'Stranger Things' Star David Harbour Teases Season 3 Will "Take a Lot of Risks"
The Emmy-nominated actor also opens up about working with so many kids and playing a father on TV: "Hopper changes me as I play him."
David Harbour was almost ready to call it quits on Hollywood when he received the Stranger Things script from creators Matt and Ross Duffer. Fast-forward a few years and he's become one of the industry's most in-demand actors thanks to his role as Chief Hopper on the bingeable Netflix drama. "Stranger Things has opened up a world to me. I've wanted to tell these stories that I love and care about and am passionate about for years," says Harbour, 43, who received his second Emmy nomination for the role. "People haven't been hunting me down in off-Broadway plays in New York to have me, so now the fact that they are is just a really exciting thing."
While Harbour was on set for the third season of the sci-fi drama in Atlanta, THR chatted with him about working with so many kids, playing a father on TV and how the next season of Netflix's breakout series will "take a lot of risks."
This is your second Emmy nomination. How'd you find out about it?
It's super nice but I sort of hate the anticipation and also the expectation that goes into it. It just kicks up my neurosis to a tremendous degree. So I was trying not to focus on it. I went out with my puppy and I was trying to make her poop, and my girlfriend was watching it inside and she came out and said, "You got nominated." And then my dog pooped, which was very exciting.
What has it been like to be back together again with the whole cast shooting the third season?
It's my favorite thing to do. Certainly, acting is my favorite thing to do — but acting on this material with this group of people is just beyond. The scripts are really great this year. And in the new directions that we're going, all of us are taking a lot of risks. We're all a little bit out of our comfort zone.
What can you tease about season three?
I wish I could characterize the season, but to me it's so big. For example, did you find last season to be darker? There were certainly elements of it that were scary, but I thought there was also a lot of fun, a lot of joy and a lot of silliness, with Steve being a dad and the kids as Ghostbusters. Just taking my story, for example, it's fun to see Hopper having adopted Eleven. She's become legitimized in the society, in the world of Hawkins. And he's a father now. He's raising a teenage daughter, with all that that entails. So I think that can be pretty funny to see his inadequacies in all of this.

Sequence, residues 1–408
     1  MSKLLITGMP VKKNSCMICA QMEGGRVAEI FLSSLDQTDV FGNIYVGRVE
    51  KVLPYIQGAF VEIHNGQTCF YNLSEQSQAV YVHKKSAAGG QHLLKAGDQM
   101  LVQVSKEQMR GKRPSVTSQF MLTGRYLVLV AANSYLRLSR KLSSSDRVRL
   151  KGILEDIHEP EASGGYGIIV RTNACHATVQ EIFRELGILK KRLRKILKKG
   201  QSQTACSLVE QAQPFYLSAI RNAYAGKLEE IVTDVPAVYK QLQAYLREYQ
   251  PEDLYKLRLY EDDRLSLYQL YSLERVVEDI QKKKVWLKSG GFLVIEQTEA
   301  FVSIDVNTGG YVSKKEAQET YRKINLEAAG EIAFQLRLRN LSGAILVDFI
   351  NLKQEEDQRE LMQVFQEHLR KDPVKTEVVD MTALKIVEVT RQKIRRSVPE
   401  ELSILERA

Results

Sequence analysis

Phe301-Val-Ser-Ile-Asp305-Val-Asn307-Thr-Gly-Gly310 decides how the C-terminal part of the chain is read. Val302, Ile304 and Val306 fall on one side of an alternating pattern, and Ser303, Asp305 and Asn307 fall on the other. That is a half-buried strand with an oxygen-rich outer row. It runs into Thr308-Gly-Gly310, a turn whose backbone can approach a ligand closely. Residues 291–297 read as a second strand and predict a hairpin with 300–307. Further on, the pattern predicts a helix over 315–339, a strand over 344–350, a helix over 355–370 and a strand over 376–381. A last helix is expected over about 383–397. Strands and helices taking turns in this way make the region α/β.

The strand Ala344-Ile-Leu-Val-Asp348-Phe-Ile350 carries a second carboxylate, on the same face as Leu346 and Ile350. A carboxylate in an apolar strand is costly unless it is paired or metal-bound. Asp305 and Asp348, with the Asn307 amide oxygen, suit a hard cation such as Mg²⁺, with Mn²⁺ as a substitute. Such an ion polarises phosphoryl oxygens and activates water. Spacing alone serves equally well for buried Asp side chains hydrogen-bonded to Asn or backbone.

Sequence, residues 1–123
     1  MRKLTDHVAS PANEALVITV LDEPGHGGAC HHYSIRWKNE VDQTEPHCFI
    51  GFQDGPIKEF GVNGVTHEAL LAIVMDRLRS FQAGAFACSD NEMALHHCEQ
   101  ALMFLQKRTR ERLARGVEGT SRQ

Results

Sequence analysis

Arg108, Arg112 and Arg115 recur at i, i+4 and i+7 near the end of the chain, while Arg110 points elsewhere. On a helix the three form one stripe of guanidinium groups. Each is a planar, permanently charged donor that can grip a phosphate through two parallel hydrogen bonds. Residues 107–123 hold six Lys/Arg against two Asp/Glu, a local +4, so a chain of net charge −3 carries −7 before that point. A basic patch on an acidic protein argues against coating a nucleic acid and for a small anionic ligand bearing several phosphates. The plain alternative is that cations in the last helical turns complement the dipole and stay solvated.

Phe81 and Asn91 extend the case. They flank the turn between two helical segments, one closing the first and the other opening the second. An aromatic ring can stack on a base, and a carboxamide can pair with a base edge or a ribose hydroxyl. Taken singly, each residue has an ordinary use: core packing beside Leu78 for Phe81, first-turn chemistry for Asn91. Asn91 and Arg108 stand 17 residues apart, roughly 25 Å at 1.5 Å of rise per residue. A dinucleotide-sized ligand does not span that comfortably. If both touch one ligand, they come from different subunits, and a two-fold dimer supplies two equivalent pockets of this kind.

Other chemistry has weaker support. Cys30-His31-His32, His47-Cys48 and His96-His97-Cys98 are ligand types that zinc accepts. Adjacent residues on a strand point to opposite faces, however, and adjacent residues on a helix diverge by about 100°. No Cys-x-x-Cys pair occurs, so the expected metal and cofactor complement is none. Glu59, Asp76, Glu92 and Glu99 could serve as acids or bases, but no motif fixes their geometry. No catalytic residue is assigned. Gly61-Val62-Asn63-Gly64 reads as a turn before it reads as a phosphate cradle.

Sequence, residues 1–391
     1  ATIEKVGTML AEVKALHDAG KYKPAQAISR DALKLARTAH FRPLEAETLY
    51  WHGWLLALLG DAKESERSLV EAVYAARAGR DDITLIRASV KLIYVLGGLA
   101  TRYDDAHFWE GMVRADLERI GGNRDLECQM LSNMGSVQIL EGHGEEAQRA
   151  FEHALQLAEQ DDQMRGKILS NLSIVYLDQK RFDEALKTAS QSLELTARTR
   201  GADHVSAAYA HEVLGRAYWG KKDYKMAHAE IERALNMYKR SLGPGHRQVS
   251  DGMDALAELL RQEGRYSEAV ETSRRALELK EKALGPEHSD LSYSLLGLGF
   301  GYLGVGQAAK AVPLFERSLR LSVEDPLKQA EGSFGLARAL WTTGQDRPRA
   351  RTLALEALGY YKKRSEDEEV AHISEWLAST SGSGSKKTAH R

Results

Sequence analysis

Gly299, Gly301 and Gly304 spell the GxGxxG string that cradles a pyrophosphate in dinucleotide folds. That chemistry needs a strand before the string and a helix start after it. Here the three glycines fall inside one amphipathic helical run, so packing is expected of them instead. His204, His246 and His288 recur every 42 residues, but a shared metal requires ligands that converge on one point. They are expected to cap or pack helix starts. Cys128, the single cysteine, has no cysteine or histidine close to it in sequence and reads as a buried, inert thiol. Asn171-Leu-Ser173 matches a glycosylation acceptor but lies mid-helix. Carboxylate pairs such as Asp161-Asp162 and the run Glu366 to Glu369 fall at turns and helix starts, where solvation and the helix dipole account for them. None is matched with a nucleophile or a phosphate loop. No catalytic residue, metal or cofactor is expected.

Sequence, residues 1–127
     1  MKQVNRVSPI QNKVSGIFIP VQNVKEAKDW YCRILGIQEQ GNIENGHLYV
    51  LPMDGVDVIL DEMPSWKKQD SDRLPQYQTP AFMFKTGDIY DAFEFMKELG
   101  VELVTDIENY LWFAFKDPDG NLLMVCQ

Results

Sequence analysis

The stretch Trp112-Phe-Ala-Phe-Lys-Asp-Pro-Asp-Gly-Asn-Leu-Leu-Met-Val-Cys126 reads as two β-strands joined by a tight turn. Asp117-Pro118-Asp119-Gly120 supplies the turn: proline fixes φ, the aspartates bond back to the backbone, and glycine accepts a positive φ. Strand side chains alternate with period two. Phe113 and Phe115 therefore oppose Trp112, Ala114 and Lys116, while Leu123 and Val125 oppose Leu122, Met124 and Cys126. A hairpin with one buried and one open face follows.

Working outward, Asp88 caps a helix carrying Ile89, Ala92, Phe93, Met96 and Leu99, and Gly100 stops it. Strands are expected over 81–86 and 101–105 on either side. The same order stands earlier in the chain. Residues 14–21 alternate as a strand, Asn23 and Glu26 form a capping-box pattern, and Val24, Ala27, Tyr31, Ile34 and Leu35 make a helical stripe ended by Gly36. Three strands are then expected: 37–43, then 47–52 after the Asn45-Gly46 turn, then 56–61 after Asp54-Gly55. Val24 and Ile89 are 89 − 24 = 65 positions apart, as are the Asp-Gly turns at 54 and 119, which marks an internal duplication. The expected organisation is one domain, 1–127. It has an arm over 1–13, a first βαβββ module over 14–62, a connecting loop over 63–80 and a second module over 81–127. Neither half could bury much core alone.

What is it like to get to play a father role and to transition into that as an actor?
It calls on a lot of things that I don't have that much experience about. I don't have a child. Everyone's described this feeling to me — this love that they feel that's beyond them, where you would genuinely take a bullet for this person. I do find that Hopper changes me as I play him. And the Duffers are very keen observers of me. Initially, the characters were very much characters that we inhabited, and now they're there incorporating the things that we can do and they're writing for us.
Have you had any crazy fan interactions?
First of all, I do want to say as a disclaimer that 99.9 percent of the people that come up to you are gracious and lovely and sweet. There was one fan experience that I recently had, where I was on a plane, and a woman got very aggressive with me. And they almost had to make an emergency landing. She almost had to be restrained. I think something else was going on, but she was really obsessed with grabbing at me, and then she destroyed the bathroom. The police had to come when the plane landed. I felt really bad for her.
Is it hard at times for your kid co-stars to be in the limelight, which can be harsh?
Here's the thing: I understand the fact that we're so beloved. I mean, I love this show, too. And I feel like any show that I used to watch that I loved, I understand that feeling of excitement, of seeing someone who has touched you in that way. But for those kids especially, I worry about them because they are, like, developing brains and psyches — it can also be somewhat addictive, the limelight. It can also be scary and make you feel fearful or sort of nervous. So yeah, it's really hard on those kids and I try to just treat them as kids as much as I possibly can. I think it's nice if the world does as well.
This story first appeared in an August stand-alone issue of The Hollywood Reporter magazine. To receive the magazine, click here to subscribe.